I love camping here in Colorado, and I’m excited to share some information with you.
However, I must first issue a disclaimer that I am not an expert. This is still something that is somewhat new for our family, but we learn a little more with each trip. After half a dozen camping trips, I feel like we are streamlining our systems. More importantly, we are having so much FUN! We are tent campers, and we use typical campsites with picnic tables, fire pits, and tent pads.
We may one day blaze into the true wild with nothing but our backpacks, but we’ve found campgrounds adventurous enough with three kids, for now.
Finding & Reserving a Campsite
We have really enjoyed camping at our beautiful state parks. If you plan to camp at the state parks, I highly recommend getting an annual park pass for $70. State parks charge $7 per day on top of the campsite fee, so it will pay for itself very quickly. The state parks’ website is FULL of great information including park activities, amenities, current conditions, etc. that’s updated pretty regularly for each individual park. Once you determine the park you want to stay at, check out the campground maps. I like to be near enough to the bathroom to walk to it but not close enough to smell it. I like a private spot set away from other campers, and I like a good view.
Campsite Photos is a website that shows actual user photos of individual campsites as well as facilities. I love this to help me determine the real scenery, the size of the campsite, and the general flow.
Reserve America is the website I use to reserve our campsites. While I feel like it’s secure and easy to use, it doesn’t have near enough info to make a selection just using it as a reference. The maps are quite generic looking. This is why I do lots of research on the state park website and such before I head to reserve my spot. Most of our reservations have been $26 per night, but that can vary a bit from place to place. Reserve America handles reservations for all sorts of campgrounds besides the state parks, so be sure you know what you’re looking for before you book as there may be other day use or access fees.
Planning For Your Trip
There are some great camping checklists on Pinterest to help you with the basics, but I want to address the differences in Colorado camping.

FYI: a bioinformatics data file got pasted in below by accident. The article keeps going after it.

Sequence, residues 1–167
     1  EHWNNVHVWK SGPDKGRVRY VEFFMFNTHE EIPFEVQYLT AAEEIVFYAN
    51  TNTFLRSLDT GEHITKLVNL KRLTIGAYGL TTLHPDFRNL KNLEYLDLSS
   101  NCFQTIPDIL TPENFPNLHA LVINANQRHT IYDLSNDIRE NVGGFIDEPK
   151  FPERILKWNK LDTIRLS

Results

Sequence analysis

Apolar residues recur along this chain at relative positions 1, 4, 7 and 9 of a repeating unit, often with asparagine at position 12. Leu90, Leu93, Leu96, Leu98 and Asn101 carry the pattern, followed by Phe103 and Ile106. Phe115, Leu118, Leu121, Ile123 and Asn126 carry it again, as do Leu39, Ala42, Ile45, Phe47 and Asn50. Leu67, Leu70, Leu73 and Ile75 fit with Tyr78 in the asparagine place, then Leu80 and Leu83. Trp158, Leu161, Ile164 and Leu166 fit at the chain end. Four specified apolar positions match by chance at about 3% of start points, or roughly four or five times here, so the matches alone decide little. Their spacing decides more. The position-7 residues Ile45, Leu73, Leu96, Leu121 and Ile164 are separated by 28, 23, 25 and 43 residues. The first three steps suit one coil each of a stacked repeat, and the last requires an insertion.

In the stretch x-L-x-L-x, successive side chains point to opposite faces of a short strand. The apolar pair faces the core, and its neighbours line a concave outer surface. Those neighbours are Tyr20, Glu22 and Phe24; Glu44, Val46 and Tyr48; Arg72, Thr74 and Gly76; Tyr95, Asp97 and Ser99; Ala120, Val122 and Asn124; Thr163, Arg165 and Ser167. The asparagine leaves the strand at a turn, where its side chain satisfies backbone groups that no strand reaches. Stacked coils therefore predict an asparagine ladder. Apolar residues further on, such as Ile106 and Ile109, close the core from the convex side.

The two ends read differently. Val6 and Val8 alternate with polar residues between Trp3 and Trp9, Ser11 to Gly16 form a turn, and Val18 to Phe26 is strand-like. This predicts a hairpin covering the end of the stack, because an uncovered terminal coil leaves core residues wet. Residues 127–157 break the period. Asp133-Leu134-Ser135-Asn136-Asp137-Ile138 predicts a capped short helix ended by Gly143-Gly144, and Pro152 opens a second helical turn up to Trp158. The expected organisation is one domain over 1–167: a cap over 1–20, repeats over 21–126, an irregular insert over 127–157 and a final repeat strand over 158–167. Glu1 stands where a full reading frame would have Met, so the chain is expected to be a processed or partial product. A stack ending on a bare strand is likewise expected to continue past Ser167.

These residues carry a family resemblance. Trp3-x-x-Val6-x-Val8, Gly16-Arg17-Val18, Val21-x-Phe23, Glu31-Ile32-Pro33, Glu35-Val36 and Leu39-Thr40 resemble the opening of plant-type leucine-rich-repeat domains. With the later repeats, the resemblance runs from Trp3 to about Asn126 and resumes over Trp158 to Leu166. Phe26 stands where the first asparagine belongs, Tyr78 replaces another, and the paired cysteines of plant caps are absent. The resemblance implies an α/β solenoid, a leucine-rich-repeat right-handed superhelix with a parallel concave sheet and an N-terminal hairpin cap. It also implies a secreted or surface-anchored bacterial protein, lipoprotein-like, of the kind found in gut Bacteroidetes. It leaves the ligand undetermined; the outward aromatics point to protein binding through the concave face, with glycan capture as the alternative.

A good tent is worth every penny. Fast-moving afternoon thunderstorms are common in Colorado, so having a tent that can withstand a little rain and wind is important. We bought a new tent this year and it made a world of difference.
You will need more clothing than you think. Layers are key, as they say. Many parts of our state enjoy a 40 degree temperature swing from dawn to mid-afternoon. We dress in comfy shorts and a short-sleeve shirt, then add sweatpants/windpants and a pullover. When it warms up, the outer layers come off. When it cools down at dusk, the outer layers come back.
Bring as much water as you can. Between the elevation, the sunshine, the dry air, and the physical activity-you cannot consume enough water. Besides what you will drink, you’ll use water for all sorts of other things around camp like dousing your fire, cooking, brushing your teeth, rinsing your hands, etc.
If you’re planning to fish, you’ll need a license.
I don’t recommend bringing firewood with you. It is better to use the local firewood to eliminate cross-contamination from pests. It’s also about the same price wherever we go, so we’d rather not take up space in the car.
When shopping for gear, make sure you check out some of our local thrift stores. Because we live in such an outdoor paradise and a military community, I’ve discovered that people donate their perfectly good equipment when they upgrade or move. We found a $100 Coleman camp stove for about $8 and a $100 Thermarest sleeping pad for about $6; along with several other things. They’re in perfect condition!
Do some research on nearby towns. It’s inevitable that you’ll want to grab an ice cream cone or need something from a store, so plan ahead on where those things are.
Bring the Fun
What I love about taking my kids camping is that I revert back to being a kid myself! I’m more likely to stop to smell the flowers and notice the rolly pollies.
Frisbee is always fun and super easy to pack. We brought a volleyball last time because the park had courts.
It’s fun to give the kids a turn behind the camera and see what they see.
Also, we bring some card games, mad libs, glow sticks, and treats like smores and jiffy-pop popcorn to cook over the fire.
When You Arrive
Stop by the visitor’s center first. There are usually activities for the kids including education on local wildlife. The people working there can tell you about any park alerts, animal sightings, and planned activities. I also pick up the park map and a trail guide, if available.
If you get a chance to talk to a Park Ranger, ask questions. We got some great fishing recommendations last time that really paid off!
We take a drive through the park before we settle in our spot to get our bearings on where the bathroom is located, where the camp hosts are, and where any other amenities like playgrounds and water spouts are located.
Finally, we set up camp. The kids love to help out, so we put them to work. We also lay out the ground rules and the boundaries of exploration.
Camping is simply the most frugal way to explore our beautiful state and the memories you make with your family are priceless!
What are your best camping tips for Coloradans?